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E.E. Davis Livery Stable & Davis Wagon Yard

The Herald Democrat
May 26, 2013

Elmer E. Davis, born in Maine, moved to Texas in 1880 where his father had moved in 18873. He and his father, Charles, operated the E.E. Livery Stable and Wagon yard in the late 1800s at the corner of West Chestnut & South Rusk.

The Herald Democrat
May 26, 2013

The Denison Press

Wednesday, July 27, 1938

The story of transportation from ox wagon to streamlined limousine can be told by Earl Wood, owner of the Wood Motor Company, Denison Dodge and Plymouth dealer.  As a young man Mr. Wood started to work for the E.E. Davis wagon yard at $15 a month.  That was over forty years ago.  Ox teams plodded through the streets and "prairie schooners" stopped at "the only covered wagon yard in North Texas" as the road signs advertised.
Caravans from the North, South and East all came through Denison.  Visitors came from Indian Territory to the Davis Wagon Yard, and sometimes they stayed for a week to trade.
Each camp house at the wagon yard was equipped with a cook room, and 15 or 20 beds built one above the other.  In times of an overflow crowd some would sleep under their wagons.  Gates were locked at bedtime and, to prevent thefts, the only egress of entrance was through a hole cut in the gate that would just allow a man to crawl through.
Starting with "Shorty", first harness horse owned by the stable, the Davis Livery followed the wagon yard.  "Shorty" knew where home was and sometimes in the mornings would be found standing outside the gate with the passenger asleep in the buggy.
The livery grew and Mr. Davis became know for his fine horses, some of which were shipped by carload lots from Kansas City.  Rates were $1.50 for an afternoon or evening on week days and double that amount on Sundays.  The stable ran 30 horses with open and closed buggies, surreys and closed carriages.

Fire brought disaster when it hit the stable Decrmber 13, 1908, about 9 o'clock in the evening; within minutes the entire fram building was in flames.  The stable foreman Earl Woods told a Herald reporter the next day that he and some of the boys were sitting in the stable office and smelled smoke, then saw a blaze at the rear of the barn.  They began cutting the horses loose but the fire was faster than they were and before long they were chased from the building.

The frame building, 120 by 125 feet, with a hayloft, burned rapidly.  Everything was destroyed except the funeral equipment stored in another building.  Many fine horses being "boarded" at the livery were also lost.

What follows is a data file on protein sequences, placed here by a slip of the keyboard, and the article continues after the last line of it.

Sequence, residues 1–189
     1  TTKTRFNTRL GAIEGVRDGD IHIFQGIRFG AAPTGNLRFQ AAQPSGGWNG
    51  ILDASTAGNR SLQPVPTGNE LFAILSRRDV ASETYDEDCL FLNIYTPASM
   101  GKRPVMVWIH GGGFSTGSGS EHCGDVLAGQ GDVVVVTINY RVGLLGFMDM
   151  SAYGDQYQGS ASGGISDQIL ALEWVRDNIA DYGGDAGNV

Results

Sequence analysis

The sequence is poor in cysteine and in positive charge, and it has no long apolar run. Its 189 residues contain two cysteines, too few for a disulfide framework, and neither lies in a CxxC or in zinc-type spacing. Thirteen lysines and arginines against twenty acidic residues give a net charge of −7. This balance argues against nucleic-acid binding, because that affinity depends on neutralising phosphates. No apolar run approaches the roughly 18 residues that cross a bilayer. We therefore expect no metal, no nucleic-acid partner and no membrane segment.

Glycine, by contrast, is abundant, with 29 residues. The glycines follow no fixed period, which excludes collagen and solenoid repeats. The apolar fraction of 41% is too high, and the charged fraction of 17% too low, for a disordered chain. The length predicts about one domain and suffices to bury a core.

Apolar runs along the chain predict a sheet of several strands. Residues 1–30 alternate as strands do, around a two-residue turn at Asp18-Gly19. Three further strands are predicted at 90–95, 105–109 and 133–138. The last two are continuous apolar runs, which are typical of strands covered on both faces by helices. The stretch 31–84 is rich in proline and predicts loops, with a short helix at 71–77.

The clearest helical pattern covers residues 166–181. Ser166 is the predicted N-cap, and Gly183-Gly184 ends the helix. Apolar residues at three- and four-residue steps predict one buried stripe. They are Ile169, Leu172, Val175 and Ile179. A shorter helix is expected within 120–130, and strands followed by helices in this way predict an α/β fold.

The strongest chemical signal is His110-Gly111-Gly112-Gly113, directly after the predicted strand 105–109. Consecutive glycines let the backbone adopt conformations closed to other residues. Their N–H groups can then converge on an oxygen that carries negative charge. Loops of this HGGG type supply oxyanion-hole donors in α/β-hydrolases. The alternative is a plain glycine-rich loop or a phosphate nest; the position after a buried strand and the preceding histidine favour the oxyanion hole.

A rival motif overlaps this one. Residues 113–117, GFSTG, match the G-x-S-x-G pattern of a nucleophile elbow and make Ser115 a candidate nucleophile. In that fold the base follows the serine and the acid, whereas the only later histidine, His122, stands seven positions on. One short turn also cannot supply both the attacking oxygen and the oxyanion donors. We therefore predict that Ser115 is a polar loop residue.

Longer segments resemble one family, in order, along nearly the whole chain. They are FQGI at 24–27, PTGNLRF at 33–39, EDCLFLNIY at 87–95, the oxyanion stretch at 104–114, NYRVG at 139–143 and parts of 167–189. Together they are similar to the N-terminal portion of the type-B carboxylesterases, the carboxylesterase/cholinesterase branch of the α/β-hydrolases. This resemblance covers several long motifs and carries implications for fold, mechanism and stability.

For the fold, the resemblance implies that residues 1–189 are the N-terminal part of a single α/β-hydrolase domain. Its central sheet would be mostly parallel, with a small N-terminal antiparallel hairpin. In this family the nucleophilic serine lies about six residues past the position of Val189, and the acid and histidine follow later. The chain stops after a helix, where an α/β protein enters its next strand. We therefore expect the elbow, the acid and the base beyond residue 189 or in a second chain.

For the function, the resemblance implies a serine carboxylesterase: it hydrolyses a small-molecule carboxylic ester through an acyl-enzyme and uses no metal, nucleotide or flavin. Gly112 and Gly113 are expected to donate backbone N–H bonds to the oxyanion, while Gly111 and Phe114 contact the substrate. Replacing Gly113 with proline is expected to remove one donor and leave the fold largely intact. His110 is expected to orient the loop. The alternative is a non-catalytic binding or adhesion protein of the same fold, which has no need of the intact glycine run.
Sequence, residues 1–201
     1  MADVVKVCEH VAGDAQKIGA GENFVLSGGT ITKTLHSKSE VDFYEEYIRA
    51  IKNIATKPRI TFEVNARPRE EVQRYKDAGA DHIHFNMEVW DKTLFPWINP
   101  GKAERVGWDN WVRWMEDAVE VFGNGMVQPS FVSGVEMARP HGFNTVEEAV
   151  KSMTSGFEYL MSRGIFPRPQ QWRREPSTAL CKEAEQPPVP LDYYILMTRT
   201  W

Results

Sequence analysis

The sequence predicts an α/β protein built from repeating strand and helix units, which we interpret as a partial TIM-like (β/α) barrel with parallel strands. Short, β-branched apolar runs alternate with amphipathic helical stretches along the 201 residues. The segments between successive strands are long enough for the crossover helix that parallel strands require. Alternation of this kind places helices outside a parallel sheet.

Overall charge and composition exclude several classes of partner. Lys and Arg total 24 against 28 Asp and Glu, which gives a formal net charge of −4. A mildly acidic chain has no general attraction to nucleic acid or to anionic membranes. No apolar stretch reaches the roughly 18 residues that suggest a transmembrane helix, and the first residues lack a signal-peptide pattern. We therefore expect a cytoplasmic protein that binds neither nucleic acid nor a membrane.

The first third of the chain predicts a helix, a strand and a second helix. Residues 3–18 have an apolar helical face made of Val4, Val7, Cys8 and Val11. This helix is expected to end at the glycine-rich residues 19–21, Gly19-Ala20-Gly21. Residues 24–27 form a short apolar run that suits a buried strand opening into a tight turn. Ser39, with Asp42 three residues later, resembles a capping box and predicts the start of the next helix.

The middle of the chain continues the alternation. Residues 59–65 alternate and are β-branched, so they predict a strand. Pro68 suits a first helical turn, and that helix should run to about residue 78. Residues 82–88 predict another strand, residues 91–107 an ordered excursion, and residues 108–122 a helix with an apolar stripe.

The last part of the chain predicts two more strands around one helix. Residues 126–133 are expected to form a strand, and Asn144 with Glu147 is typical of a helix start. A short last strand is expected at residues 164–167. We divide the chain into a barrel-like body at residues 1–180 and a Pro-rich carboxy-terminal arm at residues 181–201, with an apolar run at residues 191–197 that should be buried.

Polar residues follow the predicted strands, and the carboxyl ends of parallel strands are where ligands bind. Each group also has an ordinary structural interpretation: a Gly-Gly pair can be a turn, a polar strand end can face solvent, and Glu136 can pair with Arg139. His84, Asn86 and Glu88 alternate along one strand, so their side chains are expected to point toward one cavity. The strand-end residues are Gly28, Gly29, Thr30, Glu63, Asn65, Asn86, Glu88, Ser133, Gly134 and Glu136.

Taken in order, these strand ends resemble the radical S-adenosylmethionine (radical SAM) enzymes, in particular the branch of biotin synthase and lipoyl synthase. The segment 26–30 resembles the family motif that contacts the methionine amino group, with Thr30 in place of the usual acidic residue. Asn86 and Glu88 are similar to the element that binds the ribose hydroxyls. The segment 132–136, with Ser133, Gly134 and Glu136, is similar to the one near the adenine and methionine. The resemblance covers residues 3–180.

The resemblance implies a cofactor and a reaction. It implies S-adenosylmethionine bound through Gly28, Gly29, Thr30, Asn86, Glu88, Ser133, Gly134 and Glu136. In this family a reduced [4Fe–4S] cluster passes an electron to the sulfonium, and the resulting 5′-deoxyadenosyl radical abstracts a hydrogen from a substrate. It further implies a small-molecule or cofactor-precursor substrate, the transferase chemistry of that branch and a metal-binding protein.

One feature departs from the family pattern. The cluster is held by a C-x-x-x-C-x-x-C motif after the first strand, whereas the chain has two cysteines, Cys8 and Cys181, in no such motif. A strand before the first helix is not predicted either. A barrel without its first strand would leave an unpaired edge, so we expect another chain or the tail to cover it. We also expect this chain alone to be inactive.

Sixty-seventy head of fine horses were burned, several carloads of new and uncrated buggies as well as the operating equipment were destroyed.  About 20 were being boarded by residents in Denison, including eight doctors who lost horses, buggies, saddles and medical and surgical equipment.  Wells Fargo Express Co., American Express Co., and Grayson County Telephone Company also lost horse and wagons.  Everything was lost in the fire except several undertaker's vehicles, which were stored in an adjoining building
The loss was estimated at $25,000  
Wind was strong from the south and the stable was too far gone by the time firemen arrived.  The house next door to the stable was partially destroyed and a a nearby feed store owned by C.J. O'Malley was damaged.

23 April 1902

The Herald Democrat
May 26, 2013

Thirty buggies being used in the trade and another 20 in the loft that hadn't been assembled were also destroyed.The article said that only
$4,000 was covered by insurance.
The Columbus (Ohio) Buggy Company wired Mr. Davis to order what he needed.  A local bank gave credit, for he had little insurance.
A few horses and buggies were gotten together and the firm opened across the street in temporary quarters and operated there until a year later when a modern livery was completed.  The new quarters was a two-story building on the site of the destroyed bar.  It was 100' by 120" and attached to another 75' by 120' feed room.  The main building contained stalls for 85 horses and had concrete aisles that could be flushed with water.  The second story was reached by an elevator and stairway and was used as a buggy, carriage and storage room.  The building cost $12,000 and another $12,00 was invested in horses and equipment.
Then came the motor car in 1910.  A row of stalls was removed and the firm became the Davis Livery and Motor Car Company, agents for the Firestone-Columbus car.  As automobiles gained wider use more stalls were removed with the space given to cars until the last horse was sold and the firm became the Davis Motor Car Company.
The front of the building was changed and other improvements made and the company continued to operate at the corner of Rusk and Chestnut.  The company had the first telephone on the south side of town.
Mr. Wood, who was secretary and treasurer of the Davis Motor Car Company, purchased the company in 1930, and moved to the present location at 508-10 West Main, changing the name to Wood Motor Company.
Besides his garage which has a large display room for new cars, well equipped repair shop, body and fender and painting shop, Mr. Wood has a Used Car department and lot on Main street.

Elaine Nall Bay


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